After 8 years or 4.75 years effective full time I have graduated from my PhD at UTAS. This is a short summary of my experience – written to share some courage, and offer advice for anyone else struggling with their PhD.
I started out as an optimistic full time student, but 1.5 years in I had to change my research focus (due to complications with supervision, funding and research data), I changed supervisors and went part-time so that I could work (in many different jobs). I never received a scholarship, had no research funding and only minimum resources to support my research.
My research went from studying the formation of communities online to studying the mobile phone’s role in the acculturation experience of international students staying in Tasmania. I wrote a new research plan which was presented at the International Conference on Communities and Technology doctoral consortium in 2011 to validate the change in direction [download paper].
During the last 8 years (officially) my progress was reviewed 8 times, I had 38 official supervisor meetings and met 22 milestones outlined in an ongoing candidature management plan. I had my candidature extended 4 times, and i used 0 days of leave.
The most common comment from my team after a meeting was ‘discussions with Harry included major concerns re the lack of tangible outputs’, this was the entry for my final meeting in April 2016.
Yet in June 2016 I submitted, and after review by some very prominent academics I received an A and B (minor corrections). Most importantly I needed to send it off to a professional editor to check my grammar and referencing. Editing takes a lot of time…
Since i started i have worked with many PhD students who have found themselves in much worse circumstances than me, but it’s rare for students to share their stories. The kinds of issues are similar, financial, supervision, administration, resources, social isolation, research skills, the challenge of writing, and project management. For me life got in the way a lot as my supervisors put it.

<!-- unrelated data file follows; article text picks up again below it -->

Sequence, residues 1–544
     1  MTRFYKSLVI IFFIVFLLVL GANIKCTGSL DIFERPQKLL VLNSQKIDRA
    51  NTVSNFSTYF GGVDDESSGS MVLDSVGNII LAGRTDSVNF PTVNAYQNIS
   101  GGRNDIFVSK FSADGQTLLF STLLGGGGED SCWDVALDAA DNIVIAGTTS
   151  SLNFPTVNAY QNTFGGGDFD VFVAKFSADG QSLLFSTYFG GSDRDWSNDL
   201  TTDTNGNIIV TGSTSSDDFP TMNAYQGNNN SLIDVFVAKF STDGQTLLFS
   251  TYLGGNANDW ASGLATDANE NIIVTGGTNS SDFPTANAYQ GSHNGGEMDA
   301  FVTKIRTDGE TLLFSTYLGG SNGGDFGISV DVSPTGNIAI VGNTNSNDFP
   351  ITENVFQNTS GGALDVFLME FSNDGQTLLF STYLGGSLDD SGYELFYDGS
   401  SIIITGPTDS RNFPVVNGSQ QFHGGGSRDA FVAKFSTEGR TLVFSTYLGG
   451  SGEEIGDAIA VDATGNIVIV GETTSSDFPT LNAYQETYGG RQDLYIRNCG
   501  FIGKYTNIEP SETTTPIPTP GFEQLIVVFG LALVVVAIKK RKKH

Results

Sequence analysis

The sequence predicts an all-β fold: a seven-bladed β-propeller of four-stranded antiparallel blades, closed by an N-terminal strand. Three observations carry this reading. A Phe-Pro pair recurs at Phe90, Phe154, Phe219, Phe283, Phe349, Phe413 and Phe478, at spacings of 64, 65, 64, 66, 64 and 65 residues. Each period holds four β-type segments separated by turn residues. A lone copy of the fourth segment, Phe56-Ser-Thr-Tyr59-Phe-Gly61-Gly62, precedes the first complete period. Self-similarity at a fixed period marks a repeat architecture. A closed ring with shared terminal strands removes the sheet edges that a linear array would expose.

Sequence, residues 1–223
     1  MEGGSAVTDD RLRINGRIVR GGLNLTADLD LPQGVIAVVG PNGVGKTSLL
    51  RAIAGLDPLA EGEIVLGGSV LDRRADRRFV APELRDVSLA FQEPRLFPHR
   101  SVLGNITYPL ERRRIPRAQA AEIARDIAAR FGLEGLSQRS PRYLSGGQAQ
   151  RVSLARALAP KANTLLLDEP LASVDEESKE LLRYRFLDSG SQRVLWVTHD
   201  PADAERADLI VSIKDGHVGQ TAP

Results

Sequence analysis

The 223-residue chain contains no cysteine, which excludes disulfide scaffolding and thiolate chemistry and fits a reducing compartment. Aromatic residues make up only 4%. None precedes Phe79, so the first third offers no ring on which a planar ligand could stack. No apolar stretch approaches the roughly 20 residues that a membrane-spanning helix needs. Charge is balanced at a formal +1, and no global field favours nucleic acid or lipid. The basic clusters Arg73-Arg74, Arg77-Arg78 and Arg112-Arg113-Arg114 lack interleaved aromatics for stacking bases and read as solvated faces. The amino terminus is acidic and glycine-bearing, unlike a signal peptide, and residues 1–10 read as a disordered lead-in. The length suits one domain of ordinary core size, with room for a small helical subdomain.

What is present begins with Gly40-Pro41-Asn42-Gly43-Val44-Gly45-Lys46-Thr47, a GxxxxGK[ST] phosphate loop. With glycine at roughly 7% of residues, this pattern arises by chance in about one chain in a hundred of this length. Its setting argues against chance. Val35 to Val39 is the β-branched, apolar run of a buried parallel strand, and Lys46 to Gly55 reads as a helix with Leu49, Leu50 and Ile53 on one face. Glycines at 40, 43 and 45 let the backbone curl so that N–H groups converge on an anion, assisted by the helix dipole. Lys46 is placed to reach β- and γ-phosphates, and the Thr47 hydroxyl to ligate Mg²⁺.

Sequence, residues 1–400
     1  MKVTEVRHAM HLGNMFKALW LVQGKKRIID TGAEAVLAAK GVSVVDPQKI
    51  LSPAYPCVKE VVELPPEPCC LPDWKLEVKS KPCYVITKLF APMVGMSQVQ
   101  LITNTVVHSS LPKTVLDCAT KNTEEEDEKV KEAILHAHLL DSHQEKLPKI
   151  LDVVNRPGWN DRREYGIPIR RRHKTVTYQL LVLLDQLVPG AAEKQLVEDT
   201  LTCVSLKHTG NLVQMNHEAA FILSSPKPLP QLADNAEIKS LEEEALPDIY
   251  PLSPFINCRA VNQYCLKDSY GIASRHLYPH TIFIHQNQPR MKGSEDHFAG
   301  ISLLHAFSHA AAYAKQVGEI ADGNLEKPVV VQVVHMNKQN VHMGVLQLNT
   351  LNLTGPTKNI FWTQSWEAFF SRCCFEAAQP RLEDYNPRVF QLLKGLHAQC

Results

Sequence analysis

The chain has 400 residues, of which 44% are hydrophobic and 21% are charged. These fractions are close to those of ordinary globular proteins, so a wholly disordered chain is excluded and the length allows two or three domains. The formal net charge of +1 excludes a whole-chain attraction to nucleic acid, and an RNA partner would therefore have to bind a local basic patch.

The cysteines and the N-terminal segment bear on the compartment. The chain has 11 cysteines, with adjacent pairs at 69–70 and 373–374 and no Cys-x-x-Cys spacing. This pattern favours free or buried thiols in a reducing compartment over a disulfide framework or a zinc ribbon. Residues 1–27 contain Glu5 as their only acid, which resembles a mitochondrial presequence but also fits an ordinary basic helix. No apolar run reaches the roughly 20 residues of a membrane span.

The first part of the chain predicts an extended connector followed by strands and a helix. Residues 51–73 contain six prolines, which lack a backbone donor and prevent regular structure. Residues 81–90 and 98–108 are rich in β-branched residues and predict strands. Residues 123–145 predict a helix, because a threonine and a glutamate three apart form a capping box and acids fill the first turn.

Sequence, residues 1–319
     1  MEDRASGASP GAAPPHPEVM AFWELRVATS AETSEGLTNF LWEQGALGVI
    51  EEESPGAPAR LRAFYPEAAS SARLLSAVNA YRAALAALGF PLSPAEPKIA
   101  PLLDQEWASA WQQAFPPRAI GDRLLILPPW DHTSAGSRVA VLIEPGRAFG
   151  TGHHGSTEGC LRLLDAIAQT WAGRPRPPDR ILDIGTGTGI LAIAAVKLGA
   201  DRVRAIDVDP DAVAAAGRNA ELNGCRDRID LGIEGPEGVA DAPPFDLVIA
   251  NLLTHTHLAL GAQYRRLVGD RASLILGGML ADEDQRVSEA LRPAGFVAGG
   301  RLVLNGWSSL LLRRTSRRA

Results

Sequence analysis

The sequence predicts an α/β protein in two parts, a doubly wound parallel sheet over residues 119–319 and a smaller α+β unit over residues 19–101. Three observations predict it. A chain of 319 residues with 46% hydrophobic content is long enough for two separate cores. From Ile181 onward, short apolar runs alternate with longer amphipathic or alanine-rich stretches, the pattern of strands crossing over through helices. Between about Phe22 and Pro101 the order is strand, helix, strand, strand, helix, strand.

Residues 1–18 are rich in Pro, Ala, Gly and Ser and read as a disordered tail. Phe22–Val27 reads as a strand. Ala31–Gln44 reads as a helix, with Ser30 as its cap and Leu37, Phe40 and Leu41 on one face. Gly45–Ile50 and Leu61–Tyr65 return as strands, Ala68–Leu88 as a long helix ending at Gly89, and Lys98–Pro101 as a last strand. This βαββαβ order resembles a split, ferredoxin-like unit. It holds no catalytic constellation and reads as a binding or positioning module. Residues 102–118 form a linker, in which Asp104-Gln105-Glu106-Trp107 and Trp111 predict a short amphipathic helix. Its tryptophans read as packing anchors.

I think that I was able to persist for a few reasons:
- I learnt who to ask for help & made asking for help a habit,
- I used criticism constructively,
- I learned my university’s rules and procedures for graduate research,
- I took time to defend my ideas & decisions, and
- I made time for friends and family despite the competing pressure of the PhD.
My supervisors were very important, but the relationship is complex. Having people who know the university’s rules, that were fair and who pushed me was critical. But these requirements will be different for every person. I don’t believe that the best researcher makes the best supervisor.
I can’t emphasise enough how important student associations were. I got involved early in my PhD, and they turned out to be an invaluable source of support. At the very least they are full of people who are probably going through the same issues as you. They help you learn the universities rules and processes, and give you opportunities to improve them.
Access to support was critical. Some people and organisations which i followed were:
- Hugh Kearns – Author of The Imposter Syndrome and other resources for managing a PhD.
- The Thesis Whisperer – a blog newspaper dedicated to the topic of doing a thesis, edited by Dr Inger Mewburn.
- The Council of Australian Postgraduate Associations – an organisation which advocates for the needs and interests of postgraduate students in Australia.
- The Australian Council of Graduate Research – they write national policy used by universities to set resources and standards for graduate research.
Throughout all of it managing my own expectations was probably my most significant challenge. Don’t expect that your results will be significant or your experience straight forward. Don’t let these expectations stop you from completing your PhD.
(I want to acknowledge my supervisors, and reviewers – thank you).